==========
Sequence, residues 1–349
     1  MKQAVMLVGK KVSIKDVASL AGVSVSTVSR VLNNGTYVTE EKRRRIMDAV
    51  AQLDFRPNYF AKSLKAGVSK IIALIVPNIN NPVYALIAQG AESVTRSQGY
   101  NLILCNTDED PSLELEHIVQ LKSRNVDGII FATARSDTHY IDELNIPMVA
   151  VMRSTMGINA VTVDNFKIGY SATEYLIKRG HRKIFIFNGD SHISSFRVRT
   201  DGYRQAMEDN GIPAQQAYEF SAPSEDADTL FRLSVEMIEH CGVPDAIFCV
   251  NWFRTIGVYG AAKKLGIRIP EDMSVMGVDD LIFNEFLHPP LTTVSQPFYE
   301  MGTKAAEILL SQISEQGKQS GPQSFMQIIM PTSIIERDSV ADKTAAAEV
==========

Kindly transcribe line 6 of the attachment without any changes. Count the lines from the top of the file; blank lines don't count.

   201  DGYRQAMEDN GIPAQQAYEF SAPSEDADTL FRLSVEMIEH CGVPDAIFCV